Besides genetics, other factors play a role in determining the gait of a horse. For example, a CA horse may not show ambling when first trained, but a CA genotype is more likely to be optimum for high-level classical dressage, heavy pulling, and gallop racing. Clearly, genetics is an important factor in the gaited horse’s gaits.


If you haven’t yet started training a gaited horse, it is important to get a professional trainer who specializes in training these types of horses. The trainer should ride the horse and evaluate how he communicates with the horse. The horse may be trotting when you ask it to gait, which is a sign of a problem. Once he has the proper gait, the horse can easily transition to a fast walk.

Unlike non-gaited horses, gaited horses have a unique set of challenges. These horses often suffer from stifle and back issues. Their backs can be hollow, which can make saddle fitting a nightmare. Fortunately, most gaited horses are generally tolerant of novice riders and are easy to train. As long as they focus on becoming their best, the horse and rider can develop a beautiful natural gait.

In addition to using a trainer who specializes in training gaited horses, it is important to understand the basic skills of horses. Gaited horses are fast and dangerous if they are not properly trained. Having the proper training can help you to prevent any issues in the future. The horse will also have a better temperament. So, make sure you invest some time and energy into training your gaited horse.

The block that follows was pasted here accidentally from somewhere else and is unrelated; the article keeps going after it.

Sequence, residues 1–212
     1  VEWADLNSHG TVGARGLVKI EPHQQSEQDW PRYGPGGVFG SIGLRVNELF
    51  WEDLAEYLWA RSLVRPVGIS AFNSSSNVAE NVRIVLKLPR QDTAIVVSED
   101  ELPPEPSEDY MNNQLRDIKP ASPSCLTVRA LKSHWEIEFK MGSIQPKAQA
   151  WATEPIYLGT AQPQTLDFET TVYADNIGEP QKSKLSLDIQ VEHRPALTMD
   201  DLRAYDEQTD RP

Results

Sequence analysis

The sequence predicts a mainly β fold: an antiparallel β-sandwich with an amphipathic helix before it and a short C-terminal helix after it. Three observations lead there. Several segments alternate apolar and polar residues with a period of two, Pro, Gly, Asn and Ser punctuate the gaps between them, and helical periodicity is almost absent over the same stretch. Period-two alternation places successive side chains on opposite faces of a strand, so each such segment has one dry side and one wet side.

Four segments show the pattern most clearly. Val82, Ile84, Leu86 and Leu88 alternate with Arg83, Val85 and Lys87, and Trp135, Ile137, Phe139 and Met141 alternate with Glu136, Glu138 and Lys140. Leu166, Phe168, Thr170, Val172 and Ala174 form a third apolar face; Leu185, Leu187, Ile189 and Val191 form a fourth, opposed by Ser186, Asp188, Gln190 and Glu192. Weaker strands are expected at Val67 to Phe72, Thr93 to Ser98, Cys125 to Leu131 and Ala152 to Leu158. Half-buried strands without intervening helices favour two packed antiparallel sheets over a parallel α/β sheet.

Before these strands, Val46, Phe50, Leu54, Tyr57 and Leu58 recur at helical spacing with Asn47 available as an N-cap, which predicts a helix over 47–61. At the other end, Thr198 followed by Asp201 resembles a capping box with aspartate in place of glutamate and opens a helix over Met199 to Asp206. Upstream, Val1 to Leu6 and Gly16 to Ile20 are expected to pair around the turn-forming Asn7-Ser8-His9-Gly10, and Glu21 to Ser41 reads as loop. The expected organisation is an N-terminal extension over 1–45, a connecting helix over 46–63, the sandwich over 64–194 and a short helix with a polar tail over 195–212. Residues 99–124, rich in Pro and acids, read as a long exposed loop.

One of the first questions a new gaited horse owner asks is how much hay to feed. A recent question on the Gaited Horses Forum asks the same exact question: “Hay! How much hay can a single horse eat?” The questioner had recently left a boarding facility, but was unsure how much hay was actually provided. Fortunately, several knowledgeable answers were offered.

As the name suggests, gaited horses walk in a special way. While other horse breeds walk in a traditional fashion, a gaited horse has a unique four-beat gait. Instead of moving in a continuous line, the gaited horse moves its legs separately, with a pair of feet moving parallel to one another. This style of gait requires less energy than other types of horse walking, which makes it perfect for endurance competitions.

If you’re planning on taking a ride on a gaited horse, you must give him or her enough room to move around. A horse with a natural inclination to move will often be frightened if suppressed, and a lack of exercise and movement will often result in fractious behavior. Instead of relegating the horse to a “dog walk,” allow it to move freely.


If you are new to training your horse, you should understand that the proper care of a gaited horse requires more time than you may think. Developing coordination, muscle tone, and neurological memory take time and proper training will pay off in the long run. A newly purchased horse may have been rushed through training, which will lead to a stiff, poorly gaited animal. Proper training will pay off in the long run, allowing you to enjoy your gaited horse for many years to come.

In addition to proper hoof care, gaited horses also require careful attention to the hoof. Good farriers can help you maintain the natural gait of your horse. Ask other owners of gaited horses for recommendations for specialized farriers. Also, remember that the profession of equine dentistry is unregulated, and that it can vary greatly between farriers. A vet is a better option if you want a medical professional who knows what they are doing.

It’s also important to keep in mind that gaited horses have the same skeletal structure as other horses, so saddles that are placed too far back can cause strain to the back of the animal. You should place saddles about a hand or two behind the horse’s withers. Once you have learned how to properly care for a gaited horse, it will be easier to maintain a happy, healthy animal.